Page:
The Draft is to implement the requirements of Article 17(3) of the Medical Devices Regulation 2017/943 (hereafter “MDR”). Article 17 MDR provides that under certain conditions, health institutions can reprocess single-use medical devices.
One of the requirements is that the European Commission adopts “Common Specifications” (hereafter “CS”). The Draft provides for the CS.
The European Commission has published the Draft and intends to collect input from stakeholders as part of a public consultation running until 20 August 2019.
Article 2 (39) MDR provides that ‘health institution’ is to be understood as an organisation with the care or treatment of patients or the promotion of public health as its primary purpose . This notion does not cover organisations promoting health interest or healthy lifestyles, such as gyms or wellness and fitness centres. Article 17 (1) MDR provides that entities can only reprocess single-use medical devices if permitted by national EU Member State law.
Article 17 (2) MDR provides that the natural or legal person who reprocesses a single use medical device is considered to be the legal manufacturer of the reprocessed medical devices. The reprocessor of the single use medical device has to assume the responsibility and obligations of a legal manufacturer of the medical device.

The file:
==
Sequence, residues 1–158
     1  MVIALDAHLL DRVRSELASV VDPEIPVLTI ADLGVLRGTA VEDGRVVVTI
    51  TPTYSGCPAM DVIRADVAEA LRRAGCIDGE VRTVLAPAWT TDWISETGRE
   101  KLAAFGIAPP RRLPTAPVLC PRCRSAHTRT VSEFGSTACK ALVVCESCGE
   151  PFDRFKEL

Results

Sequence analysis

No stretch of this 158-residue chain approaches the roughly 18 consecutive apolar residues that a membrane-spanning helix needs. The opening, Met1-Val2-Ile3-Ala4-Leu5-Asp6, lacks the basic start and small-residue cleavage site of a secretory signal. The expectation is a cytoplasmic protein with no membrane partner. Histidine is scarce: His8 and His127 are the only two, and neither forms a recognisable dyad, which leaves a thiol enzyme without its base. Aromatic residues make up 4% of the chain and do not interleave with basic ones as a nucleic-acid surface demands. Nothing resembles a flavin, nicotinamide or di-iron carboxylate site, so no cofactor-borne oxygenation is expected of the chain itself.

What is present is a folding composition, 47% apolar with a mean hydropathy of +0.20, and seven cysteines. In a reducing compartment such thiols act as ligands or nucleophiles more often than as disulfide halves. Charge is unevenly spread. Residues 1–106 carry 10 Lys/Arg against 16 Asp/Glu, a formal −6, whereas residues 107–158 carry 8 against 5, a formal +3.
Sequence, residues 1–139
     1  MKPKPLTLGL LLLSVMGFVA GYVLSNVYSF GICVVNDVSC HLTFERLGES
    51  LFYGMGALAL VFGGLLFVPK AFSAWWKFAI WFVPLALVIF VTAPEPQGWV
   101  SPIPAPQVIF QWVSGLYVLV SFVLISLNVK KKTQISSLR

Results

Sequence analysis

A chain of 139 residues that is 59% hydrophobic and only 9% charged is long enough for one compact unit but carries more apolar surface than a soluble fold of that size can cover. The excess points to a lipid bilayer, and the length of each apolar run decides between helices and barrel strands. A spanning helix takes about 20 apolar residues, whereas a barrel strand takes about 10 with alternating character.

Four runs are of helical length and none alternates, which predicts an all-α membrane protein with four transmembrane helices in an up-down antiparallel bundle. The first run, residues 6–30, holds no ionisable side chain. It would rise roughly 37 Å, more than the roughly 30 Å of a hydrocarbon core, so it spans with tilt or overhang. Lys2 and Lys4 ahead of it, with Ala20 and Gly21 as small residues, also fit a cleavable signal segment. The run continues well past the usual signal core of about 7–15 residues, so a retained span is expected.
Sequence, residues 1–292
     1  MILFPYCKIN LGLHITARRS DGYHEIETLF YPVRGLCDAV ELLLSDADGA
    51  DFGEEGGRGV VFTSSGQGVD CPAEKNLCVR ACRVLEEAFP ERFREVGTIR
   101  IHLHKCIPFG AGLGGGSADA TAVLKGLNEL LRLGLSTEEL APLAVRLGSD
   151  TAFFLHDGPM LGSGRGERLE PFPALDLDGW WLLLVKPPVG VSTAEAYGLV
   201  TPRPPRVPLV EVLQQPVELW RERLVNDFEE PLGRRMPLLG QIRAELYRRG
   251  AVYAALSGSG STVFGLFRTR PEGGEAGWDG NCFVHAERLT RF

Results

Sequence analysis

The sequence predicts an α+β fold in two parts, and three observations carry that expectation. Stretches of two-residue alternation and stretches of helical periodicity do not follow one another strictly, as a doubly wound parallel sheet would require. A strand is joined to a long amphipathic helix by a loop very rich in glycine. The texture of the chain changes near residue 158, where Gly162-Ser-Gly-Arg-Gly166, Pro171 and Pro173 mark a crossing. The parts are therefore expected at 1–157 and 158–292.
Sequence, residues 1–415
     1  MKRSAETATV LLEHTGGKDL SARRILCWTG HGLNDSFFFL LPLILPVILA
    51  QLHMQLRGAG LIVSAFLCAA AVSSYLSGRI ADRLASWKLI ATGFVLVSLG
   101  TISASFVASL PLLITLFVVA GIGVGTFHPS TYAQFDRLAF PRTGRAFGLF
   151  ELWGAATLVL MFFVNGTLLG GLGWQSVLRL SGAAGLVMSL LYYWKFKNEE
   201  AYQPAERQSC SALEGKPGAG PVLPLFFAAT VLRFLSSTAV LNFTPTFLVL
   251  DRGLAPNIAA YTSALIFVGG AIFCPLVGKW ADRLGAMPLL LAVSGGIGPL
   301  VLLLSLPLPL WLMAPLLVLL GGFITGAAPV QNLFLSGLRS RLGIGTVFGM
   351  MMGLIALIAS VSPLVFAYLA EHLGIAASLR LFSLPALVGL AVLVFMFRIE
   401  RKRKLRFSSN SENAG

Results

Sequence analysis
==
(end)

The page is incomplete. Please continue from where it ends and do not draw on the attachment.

Article 17 (3) MDR provides for an exemption to the abovementioned rule. EU Member States can exempt reprocessors of single-use medical devices that are reprocessed within a health institution, from some of the obligations of a legal manufacturer of a medical device. It is up to the EU Member State to adopt rules concerning the exemptions to the obligations of a legal manufacturer.
Article 17 (3) provides that EU Member States can provide for the exemption if the EU Member States ensure:
- that there is an equivalence of safety and performance between the original and the reprocessed device; and
- that the reprocessing is performed in accordance with CS.“A set of technical and/or clinical requirements, other than a standard, that provides a means of complying with the legal obligations applicable to a device, process or system.”The Draft will provide for the CS that must be complied with by Member States when they choose to apply article 17(3) MDR.